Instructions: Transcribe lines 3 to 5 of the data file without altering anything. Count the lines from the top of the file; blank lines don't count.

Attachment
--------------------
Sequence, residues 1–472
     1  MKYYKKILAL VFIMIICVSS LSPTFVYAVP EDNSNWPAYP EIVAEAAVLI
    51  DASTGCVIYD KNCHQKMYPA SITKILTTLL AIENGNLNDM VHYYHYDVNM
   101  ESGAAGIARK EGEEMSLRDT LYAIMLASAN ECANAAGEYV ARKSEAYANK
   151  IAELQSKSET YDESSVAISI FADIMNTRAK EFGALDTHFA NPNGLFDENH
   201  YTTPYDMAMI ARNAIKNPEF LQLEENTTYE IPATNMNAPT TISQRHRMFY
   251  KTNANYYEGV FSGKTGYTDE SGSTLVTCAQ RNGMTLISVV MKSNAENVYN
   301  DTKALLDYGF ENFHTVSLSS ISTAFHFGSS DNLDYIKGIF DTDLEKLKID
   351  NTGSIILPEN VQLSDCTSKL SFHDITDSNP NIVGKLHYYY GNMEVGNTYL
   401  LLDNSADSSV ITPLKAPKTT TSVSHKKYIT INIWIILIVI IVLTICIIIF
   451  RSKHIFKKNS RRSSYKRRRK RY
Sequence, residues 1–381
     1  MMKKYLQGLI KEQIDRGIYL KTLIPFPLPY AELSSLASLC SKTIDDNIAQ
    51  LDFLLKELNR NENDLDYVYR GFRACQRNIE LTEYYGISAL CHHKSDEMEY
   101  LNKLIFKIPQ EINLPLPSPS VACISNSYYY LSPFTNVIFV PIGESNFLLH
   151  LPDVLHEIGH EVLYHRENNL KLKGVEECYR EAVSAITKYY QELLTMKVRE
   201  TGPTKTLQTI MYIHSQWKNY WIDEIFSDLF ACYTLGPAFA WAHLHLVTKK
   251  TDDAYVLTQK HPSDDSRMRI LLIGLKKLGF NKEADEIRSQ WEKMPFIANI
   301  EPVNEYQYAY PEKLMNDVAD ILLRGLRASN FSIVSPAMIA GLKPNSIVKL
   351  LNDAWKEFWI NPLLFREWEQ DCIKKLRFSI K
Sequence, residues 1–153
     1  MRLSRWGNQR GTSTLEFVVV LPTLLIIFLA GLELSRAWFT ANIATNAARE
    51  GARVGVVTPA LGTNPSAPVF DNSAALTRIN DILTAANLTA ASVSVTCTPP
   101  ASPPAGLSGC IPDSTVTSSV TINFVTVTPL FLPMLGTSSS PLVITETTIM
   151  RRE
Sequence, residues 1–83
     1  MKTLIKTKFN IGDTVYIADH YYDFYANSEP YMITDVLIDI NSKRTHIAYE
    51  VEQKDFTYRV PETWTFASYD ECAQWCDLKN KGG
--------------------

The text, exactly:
    51  DASTGCVIYD KNCHQKMYPA SITKILTTLL AIENGNLNDM VHYYHYDVNM
   101  ESGAAGIARK EGEEMSLRDT LYAIMLASAN ECANAAGEYV ARKSEAYANK
   151  IAELQSKSET YDESSVAISI FADIMNTRAK EFGALDTHFA NPNGLFDENH